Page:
Understanding SOAP helps you better use SOAP implementations, and more importantly allows you to adopt SOAP as a general XML messaging medium. SOAP is a work in progress but is slated to become a W3C recommendation. As of this writing, the latest SOAP specification is the W3C Note available from http://www.w3c.org. W3C members from various companies, including DevelopMentor, IBM, UserLand, Lotus Development, and Microsoft, develop SOAP.
SOAP is an XML-based protocol, and defines three basic concepts:
An envelope that describes a message and how to process it.
Encoding requirements that describe message data types.
Remote Procedure Call conventions that allow for distributed method invocations.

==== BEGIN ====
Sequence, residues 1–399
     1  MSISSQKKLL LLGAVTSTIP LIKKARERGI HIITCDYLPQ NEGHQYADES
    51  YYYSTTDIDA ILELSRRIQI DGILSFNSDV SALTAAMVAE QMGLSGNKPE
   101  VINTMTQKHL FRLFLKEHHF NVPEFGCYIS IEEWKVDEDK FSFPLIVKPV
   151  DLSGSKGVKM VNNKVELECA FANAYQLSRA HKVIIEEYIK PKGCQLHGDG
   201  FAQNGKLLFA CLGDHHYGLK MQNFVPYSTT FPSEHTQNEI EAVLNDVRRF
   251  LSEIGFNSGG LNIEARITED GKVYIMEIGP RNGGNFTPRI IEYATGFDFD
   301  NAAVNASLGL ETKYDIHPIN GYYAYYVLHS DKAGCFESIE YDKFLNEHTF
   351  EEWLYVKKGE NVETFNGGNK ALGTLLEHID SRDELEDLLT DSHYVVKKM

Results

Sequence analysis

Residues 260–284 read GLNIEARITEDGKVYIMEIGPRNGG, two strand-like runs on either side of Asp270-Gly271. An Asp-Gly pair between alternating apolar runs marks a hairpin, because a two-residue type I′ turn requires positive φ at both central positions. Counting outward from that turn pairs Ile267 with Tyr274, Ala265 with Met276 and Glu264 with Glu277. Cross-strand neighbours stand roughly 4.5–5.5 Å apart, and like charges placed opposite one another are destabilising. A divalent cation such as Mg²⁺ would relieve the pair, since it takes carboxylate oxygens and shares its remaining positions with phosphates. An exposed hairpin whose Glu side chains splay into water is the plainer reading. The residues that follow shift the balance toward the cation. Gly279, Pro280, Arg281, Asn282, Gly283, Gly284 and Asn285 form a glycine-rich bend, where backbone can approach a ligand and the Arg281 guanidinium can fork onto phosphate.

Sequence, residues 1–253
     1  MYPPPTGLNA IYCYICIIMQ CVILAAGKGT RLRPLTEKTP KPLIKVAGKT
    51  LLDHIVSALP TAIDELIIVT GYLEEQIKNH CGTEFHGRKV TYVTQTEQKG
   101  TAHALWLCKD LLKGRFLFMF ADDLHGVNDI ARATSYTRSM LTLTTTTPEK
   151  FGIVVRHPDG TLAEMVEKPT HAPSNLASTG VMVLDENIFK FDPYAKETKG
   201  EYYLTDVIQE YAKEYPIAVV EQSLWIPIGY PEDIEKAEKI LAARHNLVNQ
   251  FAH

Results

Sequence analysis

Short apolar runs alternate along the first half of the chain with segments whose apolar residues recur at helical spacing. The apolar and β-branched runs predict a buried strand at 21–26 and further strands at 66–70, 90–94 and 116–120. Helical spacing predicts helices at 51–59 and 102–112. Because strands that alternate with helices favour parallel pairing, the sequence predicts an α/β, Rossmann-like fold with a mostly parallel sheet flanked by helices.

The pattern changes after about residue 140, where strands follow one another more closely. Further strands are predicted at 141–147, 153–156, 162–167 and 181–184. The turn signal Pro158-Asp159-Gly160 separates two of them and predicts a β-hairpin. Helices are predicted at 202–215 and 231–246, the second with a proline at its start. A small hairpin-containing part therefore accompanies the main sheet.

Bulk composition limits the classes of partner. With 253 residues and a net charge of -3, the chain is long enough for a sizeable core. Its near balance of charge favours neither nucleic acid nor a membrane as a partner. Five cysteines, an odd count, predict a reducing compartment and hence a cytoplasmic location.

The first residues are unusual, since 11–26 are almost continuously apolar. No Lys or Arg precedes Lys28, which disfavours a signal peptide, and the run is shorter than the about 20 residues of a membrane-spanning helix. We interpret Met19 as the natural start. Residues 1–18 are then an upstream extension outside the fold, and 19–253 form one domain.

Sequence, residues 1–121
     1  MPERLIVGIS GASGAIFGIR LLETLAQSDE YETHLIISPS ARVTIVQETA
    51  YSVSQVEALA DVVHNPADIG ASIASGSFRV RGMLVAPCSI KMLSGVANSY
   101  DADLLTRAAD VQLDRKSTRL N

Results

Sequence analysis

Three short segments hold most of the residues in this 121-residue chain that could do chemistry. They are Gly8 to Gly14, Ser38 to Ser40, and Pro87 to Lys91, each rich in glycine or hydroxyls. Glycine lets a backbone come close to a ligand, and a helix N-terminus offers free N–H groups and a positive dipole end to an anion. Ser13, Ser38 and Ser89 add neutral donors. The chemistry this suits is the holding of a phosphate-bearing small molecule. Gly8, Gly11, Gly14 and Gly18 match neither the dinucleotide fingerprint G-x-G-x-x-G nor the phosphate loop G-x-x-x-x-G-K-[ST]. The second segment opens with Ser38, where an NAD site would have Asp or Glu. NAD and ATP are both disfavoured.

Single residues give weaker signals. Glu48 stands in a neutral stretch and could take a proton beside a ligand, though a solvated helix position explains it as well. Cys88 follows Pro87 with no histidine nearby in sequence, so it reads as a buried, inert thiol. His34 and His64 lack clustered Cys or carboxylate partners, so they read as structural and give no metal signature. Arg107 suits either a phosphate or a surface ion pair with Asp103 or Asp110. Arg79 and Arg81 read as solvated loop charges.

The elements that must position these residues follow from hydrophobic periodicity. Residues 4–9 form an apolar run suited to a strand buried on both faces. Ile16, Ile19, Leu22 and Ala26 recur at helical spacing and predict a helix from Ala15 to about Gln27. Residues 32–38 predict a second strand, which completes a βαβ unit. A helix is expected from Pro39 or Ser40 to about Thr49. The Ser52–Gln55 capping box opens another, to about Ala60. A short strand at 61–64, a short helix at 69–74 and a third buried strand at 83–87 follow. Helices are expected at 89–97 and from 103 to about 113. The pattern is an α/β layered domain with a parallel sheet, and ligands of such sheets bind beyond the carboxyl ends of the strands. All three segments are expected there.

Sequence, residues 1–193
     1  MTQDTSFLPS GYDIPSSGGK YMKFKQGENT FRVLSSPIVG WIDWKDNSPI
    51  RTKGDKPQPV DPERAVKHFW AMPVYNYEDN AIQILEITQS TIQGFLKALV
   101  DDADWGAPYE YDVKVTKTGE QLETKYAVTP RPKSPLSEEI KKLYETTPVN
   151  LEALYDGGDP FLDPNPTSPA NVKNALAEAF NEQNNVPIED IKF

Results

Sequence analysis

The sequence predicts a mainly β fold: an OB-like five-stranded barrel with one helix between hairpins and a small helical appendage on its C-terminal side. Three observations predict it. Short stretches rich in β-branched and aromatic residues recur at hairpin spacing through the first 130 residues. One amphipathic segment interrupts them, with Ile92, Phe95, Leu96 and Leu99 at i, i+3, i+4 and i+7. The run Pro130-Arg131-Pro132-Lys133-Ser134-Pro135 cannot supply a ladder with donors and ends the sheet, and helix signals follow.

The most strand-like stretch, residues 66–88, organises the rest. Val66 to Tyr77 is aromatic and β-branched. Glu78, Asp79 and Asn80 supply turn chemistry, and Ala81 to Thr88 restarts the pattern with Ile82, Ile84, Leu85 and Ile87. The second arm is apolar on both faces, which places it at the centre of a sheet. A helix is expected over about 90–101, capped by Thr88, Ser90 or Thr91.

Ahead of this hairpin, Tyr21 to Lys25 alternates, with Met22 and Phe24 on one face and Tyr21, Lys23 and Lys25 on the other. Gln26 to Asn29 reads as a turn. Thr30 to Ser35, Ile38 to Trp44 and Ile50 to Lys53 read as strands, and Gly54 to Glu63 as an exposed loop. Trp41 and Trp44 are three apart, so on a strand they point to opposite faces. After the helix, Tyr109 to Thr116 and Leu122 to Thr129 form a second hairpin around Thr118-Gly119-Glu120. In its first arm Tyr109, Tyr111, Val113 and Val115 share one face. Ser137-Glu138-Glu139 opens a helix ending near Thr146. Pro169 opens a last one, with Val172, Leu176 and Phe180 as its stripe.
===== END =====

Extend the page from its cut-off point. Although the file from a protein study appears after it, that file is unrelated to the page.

In its most basic form, SOAP is used over HTTP to send a message to a SOAP server. In turn, the server implements some specific functionality and returns a SOAP response message back to the caller. This type of interaction uses HTTP’s inherent request/response design. The original SOAP message may be a method invocation and parameters; the response may be the return values.
A SOAP request may take the form of:
<SOAP-ENV:Envelope xmlns:SOAP-ENV="http://schemas.xmlsoap.org/soap/envelope/" SOAP-ENV:encodingStyle="http://schemas.xmlsoap.org/soap/encoding/"> <SOAP-ENV:Body> <m:GetLocalTemperature xmlns:m="http://localhost/temperApp"> <zipcode>90872</zipcode> </m:GetLocalTemperature> </SOAP-ENV:Body> </SOAP-ENV:Envelope>
This message is sent over HTTP, and can be ...